DEAR DOCTOR K:
My 9-year-old son is very overweight. I don’t want to make a big deal about his eating habits, because I assume he’ll grow out of his obesity later in life, and because we already set so many rules for him to follow. Do you agree?
I wish I could, but I can’t. A child’s eating habits, and weight, can adversely affect his or her health later in life. The healthy eating habits you set with young kids not only influence their eating habits later in life, they also influence the chemistry of your kids’ bodies so they are less likely to get fat as adults.
All the talk about childhood obesity is not just media hype. The number of children who are overweight or obese is increasing at an alarming rate. These kids are at much higher risk for developing serious health problems as adults — high blood pressure, heart disease and Type 2 diabetes.
Not only that: They’re even at increased risk for developing “adult” diseases when they’re still children. A growing number of obese kids are developing the condition that used to be called “adult onset” diabetes (better called Type 2 diabetes). When I was a medical student, you rarely saw people with that disease who were younger than 50. Today, you see it in teenagers who have been obese since early childhood.
Kids between the ages of 5 and 10 years typically need between 1,500 and 2,000 calories per day, from a variety of healthy foods. An average day’s diet should look like this:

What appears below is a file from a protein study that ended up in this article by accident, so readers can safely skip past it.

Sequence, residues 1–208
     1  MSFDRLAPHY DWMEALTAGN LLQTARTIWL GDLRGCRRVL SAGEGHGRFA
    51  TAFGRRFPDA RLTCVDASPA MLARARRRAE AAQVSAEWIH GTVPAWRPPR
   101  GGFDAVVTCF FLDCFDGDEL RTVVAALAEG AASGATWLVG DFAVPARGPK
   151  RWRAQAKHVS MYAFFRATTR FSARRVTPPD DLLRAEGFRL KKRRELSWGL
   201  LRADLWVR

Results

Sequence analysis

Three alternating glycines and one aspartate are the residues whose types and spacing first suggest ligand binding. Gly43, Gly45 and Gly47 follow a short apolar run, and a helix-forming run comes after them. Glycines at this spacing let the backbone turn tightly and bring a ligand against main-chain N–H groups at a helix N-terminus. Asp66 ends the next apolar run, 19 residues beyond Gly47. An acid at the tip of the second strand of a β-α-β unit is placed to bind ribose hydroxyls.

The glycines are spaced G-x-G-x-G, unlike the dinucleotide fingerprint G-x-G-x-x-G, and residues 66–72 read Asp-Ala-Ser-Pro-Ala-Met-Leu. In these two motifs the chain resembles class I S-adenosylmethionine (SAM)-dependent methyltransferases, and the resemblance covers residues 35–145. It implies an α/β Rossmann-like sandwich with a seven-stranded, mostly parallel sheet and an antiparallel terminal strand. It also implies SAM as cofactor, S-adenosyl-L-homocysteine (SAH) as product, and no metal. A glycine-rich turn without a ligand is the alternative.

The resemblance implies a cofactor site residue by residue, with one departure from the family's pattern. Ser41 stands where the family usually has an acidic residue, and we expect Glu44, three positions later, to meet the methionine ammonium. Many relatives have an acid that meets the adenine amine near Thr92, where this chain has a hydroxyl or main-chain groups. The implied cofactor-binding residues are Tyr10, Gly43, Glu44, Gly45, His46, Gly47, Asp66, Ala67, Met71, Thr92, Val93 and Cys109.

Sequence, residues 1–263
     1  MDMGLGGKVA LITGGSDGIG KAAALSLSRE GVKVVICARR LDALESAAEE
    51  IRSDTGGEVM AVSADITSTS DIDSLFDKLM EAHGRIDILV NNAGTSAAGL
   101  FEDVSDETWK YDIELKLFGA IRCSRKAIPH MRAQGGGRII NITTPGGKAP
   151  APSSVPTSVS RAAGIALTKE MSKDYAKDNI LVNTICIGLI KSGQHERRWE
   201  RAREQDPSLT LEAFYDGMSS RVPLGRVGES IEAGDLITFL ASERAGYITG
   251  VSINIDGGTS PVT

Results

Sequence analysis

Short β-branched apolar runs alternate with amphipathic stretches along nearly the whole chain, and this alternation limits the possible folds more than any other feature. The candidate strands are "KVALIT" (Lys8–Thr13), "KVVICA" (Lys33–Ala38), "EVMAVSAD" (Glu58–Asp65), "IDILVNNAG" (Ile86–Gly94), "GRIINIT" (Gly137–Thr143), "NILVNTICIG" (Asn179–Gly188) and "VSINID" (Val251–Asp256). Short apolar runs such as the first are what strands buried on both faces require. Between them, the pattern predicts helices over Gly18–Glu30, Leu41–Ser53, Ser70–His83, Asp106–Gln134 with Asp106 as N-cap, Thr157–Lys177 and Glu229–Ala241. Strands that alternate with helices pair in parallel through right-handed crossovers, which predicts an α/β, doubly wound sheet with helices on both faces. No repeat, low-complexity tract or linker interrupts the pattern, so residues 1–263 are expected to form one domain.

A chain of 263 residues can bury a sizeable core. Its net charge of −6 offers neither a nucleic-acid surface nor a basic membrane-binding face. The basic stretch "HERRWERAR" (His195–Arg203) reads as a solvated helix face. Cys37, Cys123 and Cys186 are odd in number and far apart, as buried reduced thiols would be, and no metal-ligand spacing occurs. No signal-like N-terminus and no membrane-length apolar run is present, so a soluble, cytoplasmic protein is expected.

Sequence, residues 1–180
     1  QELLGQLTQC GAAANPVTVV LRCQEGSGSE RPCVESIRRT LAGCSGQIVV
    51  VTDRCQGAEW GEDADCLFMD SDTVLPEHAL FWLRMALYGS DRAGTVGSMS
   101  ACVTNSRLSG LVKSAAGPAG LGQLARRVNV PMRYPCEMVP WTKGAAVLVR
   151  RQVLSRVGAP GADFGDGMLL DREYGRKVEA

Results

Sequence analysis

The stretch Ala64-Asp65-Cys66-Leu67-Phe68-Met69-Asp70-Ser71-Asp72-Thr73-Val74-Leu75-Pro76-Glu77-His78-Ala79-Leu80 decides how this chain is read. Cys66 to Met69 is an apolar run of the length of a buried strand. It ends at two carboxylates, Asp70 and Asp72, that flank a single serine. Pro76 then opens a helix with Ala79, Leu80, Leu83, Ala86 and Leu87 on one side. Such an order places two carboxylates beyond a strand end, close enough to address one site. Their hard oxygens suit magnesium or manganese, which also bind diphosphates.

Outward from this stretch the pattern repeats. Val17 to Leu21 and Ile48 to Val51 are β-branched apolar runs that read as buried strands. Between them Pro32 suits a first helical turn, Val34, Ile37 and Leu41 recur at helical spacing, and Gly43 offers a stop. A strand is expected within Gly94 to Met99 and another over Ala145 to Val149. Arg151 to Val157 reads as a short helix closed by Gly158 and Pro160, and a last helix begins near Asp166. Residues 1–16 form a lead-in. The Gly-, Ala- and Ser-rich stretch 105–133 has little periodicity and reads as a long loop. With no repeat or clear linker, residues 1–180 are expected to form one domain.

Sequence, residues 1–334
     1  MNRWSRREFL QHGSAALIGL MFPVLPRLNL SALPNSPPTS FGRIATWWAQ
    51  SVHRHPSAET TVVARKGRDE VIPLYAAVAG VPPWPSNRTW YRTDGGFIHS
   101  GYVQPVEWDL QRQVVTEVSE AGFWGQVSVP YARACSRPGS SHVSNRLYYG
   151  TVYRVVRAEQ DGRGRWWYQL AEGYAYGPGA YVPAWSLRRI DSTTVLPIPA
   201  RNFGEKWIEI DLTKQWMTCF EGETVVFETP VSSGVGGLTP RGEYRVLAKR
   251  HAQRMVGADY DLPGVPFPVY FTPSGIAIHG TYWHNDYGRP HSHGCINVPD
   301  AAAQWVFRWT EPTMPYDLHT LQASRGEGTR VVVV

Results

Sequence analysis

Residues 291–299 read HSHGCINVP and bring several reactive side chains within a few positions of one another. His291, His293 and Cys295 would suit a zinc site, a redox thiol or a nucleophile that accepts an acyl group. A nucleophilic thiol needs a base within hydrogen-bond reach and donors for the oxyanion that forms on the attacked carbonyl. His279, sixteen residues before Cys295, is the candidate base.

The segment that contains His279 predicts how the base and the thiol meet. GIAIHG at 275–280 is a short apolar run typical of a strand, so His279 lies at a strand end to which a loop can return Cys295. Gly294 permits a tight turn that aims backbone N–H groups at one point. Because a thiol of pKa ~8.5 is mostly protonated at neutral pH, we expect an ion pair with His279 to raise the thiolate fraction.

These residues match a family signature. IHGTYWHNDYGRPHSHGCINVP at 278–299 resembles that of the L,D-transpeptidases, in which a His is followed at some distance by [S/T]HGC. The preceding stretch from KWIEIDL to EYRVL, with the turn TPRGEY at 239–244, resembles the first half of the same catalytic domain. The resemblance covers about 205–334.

- Grains (preferably whole grains): 6 servings
- Vegetables: 2 to 3 servings
- Fruits: 2 to 3 servings
- Dairy: 2 servings
- Meats (mainly poultry and fish), beans, nuts or eggs: 2 servings
Growing young children who are able to eat solid food usually need to eat every two to three hours. In addition to three meals, most children need mid-morning and mid-afternoon snacks. Be sure to offer healthy snacks:
- Fresh and dried fruits
- Vegetables with low-fat dip
- Yogurt and low-fat milk
- Whole-grain bread, whole-grain crackers, unsalted whole-wheat pretzels
- Peanut butter, hummus, bean dip
By age 5, all children should be following the same heart-healthy diet as you. That’s right, by age 5. You know the drill:
- Switch to low-fat or nonfat milk and reduced-fat cheese and yogurt.
- Limit fried foods.
- Have a wide variety of fruits and vegetables on hand. Serve them for snacks rather than cookies, chips, ice cream or other high-fat foods.
- Avoid soft drinks and other sugar-sweetened drinks. They are a major contributor to weight gain.
Regular exercise is no less important than a healthy diet in preventing childhood obesity, and it is also beneficial to a child’s overall health. It almost surely reduces the risk for Type 2 diabetes, for example.
Finally, don’t forget to set a good example for your son. He’s unlikely to reach for carrot sticks if you’re snacking on cookies.
(This column is an update of one that ran originally in July 2012.)